But I don't think I've seen a proven director hit such a brick wall as Reiner has. His last five films ("Ghosts of Mississippi," "The Story of Us," "Alex and Emma," "Rumor Has It" and now "The Bucket List") have all scored "rotten" on the Tomatometer. I had the poor fortune of getting free passes to a sneak preview of "The Bucket List" and came away sad that Reiner has bottomed out and seems to be taking busywork. Have you ever seen as sure a director crumble this badly before? How do you think he might pull out of this tailspin? Ed Vaira, San Diego
A. Just got this Alfred Hitchcock quotation re the writers' strike from Dennis Hussey of San Carlos, Calif.: "To make a great film, you need three things -- the script, the script and the script." I'm sure Reiner still has his directing chops, if he can get his hands on a great screenplay. In the meantime, despite its reviews, "The Bucket List" is doing well at the box office.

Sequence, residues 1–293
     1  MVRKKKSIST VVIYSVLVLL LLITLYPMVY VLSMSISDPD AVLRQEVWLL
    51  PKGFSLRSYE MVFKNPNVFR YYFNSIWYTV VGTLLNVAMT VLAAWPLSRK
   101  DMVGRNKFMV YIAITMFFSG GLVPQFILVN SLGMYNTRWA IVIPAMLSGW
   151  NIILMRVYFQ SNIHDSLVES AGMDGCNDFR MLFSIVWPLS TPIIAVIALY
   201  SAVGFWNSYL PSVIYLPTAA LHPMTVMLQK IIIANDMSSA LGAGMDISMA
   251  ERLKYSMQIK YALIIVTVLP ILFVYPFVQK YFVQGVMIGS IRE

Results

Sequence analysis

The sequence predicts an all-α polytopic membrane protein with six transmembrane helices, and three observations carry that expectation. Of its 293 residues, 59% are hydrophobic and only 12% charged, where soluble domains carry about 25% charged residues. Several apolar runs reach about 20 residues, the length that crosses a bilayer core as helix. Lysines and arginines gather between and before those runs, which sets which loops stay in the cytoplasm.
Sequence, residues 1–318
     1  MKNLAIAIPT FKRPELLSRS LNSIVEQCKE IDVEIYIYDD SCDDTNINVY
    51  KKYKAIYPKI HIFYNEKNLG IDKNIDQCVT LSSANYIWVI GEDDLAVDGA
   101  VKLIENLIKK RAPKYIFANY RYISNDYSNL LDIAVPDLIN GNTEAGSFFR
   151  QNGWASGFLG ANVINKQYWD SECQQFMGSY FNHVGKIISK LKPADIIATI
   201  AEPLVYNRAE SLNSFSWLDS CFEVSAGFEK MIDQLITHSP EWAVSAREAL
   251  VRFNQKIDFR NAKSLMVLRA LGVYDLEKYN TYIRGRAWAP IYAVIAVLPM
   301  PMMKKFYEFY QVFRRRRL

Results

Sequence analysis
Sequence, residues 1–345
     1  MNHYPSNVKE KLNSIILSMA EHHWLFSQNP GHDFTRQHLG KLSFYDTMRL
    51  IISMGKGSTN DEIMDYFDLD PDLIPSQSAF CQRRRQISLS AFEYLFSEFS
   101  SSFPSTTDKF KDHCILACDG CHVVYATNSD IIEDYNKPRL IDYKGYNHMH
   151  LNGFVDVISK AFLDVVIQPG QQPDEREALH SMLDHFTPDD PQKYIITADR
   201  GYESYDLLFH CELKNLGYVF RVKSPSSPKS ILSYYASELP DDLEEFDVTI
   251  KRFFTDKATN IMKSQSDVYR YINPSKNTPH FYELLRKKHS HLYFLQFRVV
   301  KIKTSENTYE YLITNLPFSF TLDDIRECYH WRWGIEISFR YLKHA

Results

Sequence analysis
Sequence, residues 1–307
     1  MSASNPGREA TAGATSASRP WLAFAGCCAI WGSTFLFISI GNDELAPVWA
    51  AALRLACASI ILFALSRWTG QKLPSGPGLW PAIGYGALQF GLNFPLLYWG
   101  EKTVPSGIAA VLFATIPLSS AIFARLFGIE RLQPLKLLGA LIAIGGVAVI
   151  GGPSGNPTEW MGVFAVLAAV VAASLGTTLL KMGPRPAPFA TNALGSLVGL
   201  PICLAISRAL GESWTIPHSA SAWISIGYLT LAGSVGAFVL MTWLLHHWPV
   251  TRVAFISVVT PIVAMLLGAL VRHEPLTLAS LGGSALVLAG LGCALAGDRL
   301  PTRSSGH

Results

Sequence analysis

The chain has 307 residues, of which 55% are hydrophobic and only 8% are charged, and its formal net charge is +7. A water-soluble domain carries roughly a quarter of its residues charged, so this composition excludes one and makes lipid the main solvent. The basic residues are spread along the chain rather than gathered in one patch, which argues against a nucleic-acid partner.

Q. I am a fine arts student at Iowa State University. Currently I'm painting a series depicting movie scenes with people in bear suits. So far I have painted a scene from "The Shining" and a scene from the "The Science of Sleep." I am really proud of what I have created so far, but I've hit a creative road block; I can't think of any more movies with people dressed as bears. Daniel Stender, Ames, Iowa
A. Well, director Jean Renoir wears a bear suit in his great film "The Rules of the Game." But your question rouses my curiosity. Why did you choose this subject? If you have run out of movies after two paintings, how much preliminary research did you put in? Do we get to see the people inside the bear suits, or only the bear suits?